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What does this procedure involve?

Cystolithotomy is an open procedure for the removal of Bladder Stones. This procedure involves removal of a bladder stone via a cut (approximately 10cm) in the lower abdomen. Most bladder stones can be dealt with by an endoscopic (telescope) procedure, to avoid the need for a surgical incision. If stones are very large, it is often best to perform an open operation. These options will be discussed with you before surgery.

Stones form in the bladder for a variety of reasons. In men, the most common cause is bladder outflow obstruction from an enlarged prostate.

What should I expect before the procedure?

You will usually be admitted on the same day as your surgery.

You will be asked not to eat and drink for six hours before surgery. Immediately before the operation, the anaesthetist may give you a pre-medication, which will make you dry-mouthed and pleasantly sleepy.

Please tell your surgeon (before your surgery) if you have any of the following:

  • An artificial heart valve.
  • A coronary artery stent.
  • A heart pacemaker or defibrillator.
  • An artificial joint.
  • An artificial blood-vessel graft.
  • A neurosurgical shunt.
  • Any other implanted foreign body.
  • A regular prescription for a blood thinner e.g. Warfarin, Coumadin Xarelto®, Pradaxa®, Clopidogrel (Plavix®), Brilinta®, or Aspirin.
  • Previous or current infection with an antibiotic resistant organism such as MRSA, VRE, etc.

What happens during the procedure?

Either a full general anaesthetic (where you will be asleep) or a spinal anaesthetic (where you are unable to feel anything from the waist down) will be used. All methods minimise pain. Your anaesthetist will explain the pros and cons of each type of anaesthetic to you. You will usually be given injectable antibiotics before the procedure, after checking for any allergies

The first step is a cystoscopy. Once the bladder has been examined, an incision is made in the lower abdomen to access the bladder. The bladder is opened and the stone removed.

The bladder is closed in a watertight manner with an absorbable suture, and a catheter is inserted into the bladder though the urethra. A separate drainage tube may out through your abdomen next to the incision.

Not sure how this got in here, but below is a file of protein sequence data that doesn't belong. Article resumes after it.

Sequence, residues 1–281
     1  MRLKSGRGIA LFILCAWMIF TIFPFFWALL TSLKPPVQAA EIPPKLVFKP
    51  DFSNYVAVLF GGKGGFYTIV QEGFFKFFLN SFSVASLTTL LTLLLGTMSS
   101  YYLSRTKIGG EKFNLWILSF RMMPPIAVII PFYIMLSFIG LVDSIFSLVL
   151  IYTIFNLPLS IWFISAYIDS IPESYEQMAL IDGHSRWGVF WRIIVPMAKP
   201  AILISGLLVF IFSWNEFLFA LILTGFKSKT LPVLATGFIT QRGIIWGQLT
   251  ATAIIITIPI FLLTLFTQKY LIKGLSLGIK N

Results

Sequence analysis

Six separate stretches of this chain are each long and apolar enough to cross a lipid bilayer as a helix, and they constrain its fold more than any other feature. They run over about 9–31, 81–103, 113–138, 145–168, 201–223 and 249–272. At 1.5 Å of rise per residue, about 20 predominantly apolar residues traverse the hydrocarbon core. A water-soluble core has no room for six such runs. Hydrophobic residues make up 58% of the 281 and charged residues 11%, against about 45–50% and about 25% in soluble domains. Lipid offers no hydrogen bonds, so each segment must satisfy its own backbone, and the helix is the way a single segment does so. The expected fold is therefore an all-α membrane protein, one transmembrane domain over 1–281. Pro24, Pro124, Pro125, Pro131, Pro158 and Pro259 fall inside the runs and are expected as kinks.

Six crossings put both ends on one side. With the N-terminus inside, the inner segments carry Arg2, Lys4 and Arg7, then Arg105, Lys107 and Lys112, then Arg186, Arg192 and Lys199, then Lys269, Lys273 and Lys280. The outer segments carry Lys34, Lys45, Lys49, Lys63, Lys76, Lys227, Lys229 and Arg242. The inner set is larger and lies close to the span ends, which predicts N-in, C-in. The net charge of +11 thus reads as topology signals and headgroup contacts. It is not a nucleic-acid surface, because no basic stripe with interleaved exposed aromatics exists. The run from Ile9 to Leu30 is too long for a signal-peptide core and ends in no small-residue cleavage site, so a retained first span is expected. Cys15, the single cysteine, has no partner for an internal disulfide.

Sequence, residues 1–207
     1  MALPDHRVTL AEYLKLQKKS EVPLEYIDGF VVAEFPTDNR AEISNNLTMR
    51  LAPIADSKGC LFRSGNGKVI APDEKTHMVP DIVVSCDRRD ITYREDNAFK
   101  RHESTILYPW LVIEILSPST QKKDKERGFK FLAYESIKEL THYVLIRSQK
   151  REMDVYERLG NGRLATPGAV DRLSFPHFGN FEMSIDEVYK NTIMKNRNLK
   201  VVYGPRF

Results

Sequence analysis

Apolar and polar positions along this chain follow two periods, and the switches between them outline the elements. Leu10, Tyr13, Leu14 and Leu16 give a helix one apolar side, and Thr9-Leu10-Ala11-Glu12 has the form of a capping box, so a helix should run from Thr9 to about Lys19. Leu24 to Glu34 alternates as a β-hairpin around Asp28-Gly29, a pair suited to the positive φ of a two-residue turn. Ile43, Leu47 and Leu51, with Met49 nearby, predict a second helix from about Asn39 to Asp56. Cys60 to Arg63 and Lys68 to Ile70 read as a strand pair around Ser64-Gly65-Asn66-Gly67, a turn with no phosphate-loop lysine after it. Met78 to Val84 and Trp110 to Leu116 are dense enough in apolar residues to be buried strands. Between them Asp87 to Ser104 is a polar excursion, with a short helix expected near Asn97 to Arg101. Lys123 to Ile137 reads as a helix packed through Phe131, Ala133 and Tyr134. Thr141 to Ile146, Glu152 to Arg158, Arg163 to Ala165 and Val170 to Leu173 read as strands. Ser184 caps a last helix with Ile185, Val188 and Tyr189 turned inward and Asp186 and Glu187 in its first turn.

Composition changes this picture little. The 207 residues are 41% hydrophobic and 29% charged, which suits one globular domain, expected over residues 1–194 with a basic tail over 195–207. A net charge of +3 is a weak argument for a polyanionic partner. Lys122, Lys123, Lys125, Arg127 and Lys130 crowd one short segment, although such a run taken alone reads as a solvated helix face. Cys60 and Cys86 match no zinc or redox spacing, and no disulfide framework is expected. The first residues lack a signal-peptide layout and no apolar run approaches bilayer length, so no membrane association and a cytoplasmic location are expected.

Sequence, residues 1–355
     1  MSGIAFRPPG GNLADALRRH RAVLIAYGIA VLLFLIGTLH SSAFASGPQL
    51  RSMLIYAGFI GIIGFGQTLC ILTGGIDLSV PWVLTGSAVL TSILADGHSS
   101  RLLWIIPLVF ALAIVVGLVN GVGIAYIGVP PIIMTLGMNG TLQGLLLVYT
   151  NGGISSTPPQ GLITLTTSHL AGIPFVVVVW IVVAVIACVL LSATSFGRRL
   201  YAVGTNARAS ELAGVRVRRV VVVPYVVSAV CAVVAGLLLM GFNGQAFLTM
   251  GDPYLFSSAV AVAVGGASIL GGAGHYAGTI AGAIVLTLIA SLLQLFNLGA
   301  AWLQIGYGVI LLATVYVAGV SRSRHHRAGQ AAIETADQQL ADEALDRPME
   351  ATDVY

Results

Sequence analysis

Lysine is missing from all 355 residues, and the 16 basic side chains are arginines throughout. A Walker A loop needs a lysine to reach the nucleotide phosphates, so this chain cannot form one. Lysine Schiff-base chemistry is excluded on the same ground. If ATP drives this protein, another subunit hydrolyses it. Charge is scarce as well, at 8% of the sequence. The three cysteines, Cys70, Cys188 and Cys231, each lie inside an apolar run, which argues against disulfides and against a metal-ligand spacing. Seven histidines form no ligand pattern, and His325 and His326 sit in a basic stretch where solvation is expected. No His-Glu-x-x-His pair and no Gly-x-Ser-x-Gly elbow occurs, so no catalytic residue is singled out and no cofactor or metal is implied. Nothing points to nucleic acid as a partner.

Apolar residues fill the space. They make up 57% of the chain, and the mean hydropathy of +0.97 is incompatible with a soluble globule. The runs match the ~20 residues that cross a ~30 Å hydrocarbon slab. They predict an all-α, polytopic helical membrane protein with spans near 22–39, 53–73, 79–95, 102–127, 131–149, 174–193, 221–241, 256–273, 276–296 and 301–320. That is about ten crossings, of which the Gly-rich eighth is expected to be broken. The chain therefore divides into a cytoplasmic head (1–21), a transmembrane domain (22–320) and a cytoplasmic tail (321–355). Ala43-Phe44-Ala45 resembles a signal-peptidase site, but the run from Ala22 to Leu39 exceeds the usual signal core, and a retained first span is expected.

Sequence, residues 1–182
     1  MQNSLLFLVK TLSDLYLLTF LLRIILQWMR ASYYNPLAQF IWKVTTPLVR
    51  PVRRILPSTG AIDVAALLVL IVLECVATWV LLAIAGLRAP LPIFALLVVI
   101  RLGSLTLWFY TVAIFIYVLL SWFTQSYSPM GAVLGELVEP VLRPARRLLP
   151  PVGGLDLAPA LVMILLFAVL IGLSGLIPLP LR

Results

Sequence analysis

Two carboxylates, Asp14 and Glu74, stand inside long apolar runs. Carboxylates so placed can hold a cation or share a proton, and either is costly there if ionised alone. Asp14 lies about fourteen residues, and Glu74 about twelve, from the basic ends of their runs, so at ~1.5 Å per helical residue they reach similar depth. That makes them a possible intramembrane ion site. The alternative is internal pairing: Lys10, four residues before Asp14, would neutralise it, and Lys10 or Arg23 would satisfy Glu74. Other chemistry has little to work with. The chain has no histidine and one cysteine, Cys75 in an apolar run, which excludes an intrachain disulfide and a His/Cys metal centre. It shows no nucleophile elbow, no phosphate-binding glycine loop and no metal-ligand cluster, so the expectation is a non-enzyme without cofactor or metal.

After the operation

Most patients will stay in for a few nights after the operation. The catheter will remain in place for 7-14 days, depending on the size of the incision in the bladder. You will be discharged when fit, and will be advised to rest at home until you come back in for removal of the catheter. Specific advice will be given on discharge.

Potential side effects and complications

All procedures have the potential for side effects. Although these complications are well recognised, the majority of patients do not have problems after a procedure.

There are specific risks with this surgical procedure, and these will be discussed with you before your procedure. As a guide to complement that one-on-one discussion with your surgeon, these include:


  • A burning sensation and / or a small amount of blood in the urine for a short period afterwards.


  • Infection of the bladder requiring antibiotics.
  • The need for a longer period with the catheter.
  • Infection in the surgical incision.


  • Temporary insertion of a new catheter if you are unable to pass urine immediately after the first one is removed.
  • Delayed bleeding requiring removal of clots or further surgery.
  • Injury to the urethra causing delayed scar formation.
  • Fever and more serious infection requiring a longer hospital stay.
  • Delayed healing of the bladder, or a leak from the bladder, which requires a further procedure or a prolonged period with a catheter.

If you develop a fever, severe pain on passing urine, inability to pass urine or worsening bleeding, you should contact the practice immediately. If out of hours, please go to your nearest emergency department.


This information is intended as a general educational guide and may not apply to your situation. You must not rely on this information as an alternative to consultation with your urologist or other health professional.

Not all potential complications are listed, and you must talk to your urologist about the complications specific to your situation.